Abstract and Keywords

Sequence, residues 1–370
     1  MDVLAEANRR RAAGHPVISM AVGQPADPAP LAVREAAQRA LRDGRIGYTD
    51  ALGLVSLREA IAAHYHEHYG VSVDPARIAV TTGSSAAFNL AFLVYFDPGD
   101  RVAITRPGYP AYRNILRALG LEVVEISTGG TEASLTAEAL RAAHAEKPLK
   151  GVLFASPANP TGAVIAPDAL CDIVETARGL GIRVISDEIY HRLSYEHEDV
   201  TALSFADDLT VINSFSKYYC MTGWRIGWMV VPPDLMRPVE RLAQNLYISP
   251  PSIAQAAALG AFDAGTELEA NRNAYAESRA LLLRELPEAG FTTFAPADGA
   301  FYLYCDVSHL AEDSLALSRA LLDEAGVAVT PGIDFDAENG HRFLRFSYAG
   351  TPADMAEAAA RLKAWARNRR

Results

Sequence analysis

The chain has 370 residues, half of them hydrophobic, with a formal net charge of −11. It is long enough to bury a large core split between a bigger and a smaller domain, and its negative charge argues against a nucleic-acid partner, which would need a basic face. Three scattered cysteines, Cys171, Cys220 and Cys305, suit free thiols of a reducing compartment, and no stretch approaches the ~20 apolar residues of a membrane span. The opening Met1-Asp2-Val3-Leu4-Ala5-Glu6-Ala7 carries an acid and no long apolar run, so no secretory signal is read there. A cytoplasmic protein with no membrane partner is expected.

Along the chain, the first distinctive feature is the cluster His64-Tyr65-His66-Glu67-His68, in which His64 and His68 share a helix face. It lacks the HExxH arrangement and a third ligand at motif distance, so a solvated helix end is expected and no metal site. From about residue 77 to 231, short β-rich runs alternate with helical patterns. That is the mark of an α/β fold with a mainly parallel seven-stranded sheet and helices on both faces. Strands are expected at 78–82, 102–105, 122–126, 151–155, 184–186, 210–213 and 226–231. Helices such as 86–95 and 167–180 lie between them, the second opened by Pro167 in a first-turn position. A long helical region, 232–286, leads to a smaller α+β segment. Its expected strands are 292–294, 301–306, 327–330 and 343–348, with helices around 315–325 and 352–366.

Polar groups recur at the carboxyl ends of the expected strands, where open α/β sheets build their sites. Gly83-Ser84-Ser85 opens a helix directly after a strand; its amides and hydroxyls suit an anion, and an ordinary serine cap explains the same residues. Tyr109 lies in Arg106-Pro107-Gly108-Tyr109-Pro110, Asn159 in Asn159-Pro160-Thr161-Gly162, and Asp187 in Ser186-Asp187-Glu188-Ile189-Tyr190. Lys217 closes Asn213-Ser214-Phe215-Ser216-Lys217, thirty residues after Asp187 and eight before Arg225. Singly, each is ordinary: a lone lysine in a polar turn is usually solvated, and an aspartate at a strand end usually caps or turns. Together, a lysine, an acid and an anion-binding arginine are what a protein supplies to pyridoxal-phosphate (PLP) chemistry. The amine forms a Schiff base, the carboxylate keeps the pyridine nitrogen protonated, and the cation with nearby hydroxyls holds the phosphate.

Luther’s political thought is an expression of his theological convictions. His concepts of God’s kingdom in conflict with Satan’s and the kingdoms or governments of both earthly and spiritual life frame his application of his appreciation of governmental service and other societal activities within the context of the three estates which constitute society. In concrete crises Luther’s political views took shape; these included student riots in 1520, the Peasants’ War (1525), plans of Roman Catholic princes to attack evangelical estates, and the development of Wittenberg theories justifying resistance to the emperor. His successors used Luther’s political statements to defend their own pursuit of policies sometimes at odds with his intentions. Modern democratic theory has eliminated the foundation of Luther’s political thinking in the command–obedience structure.
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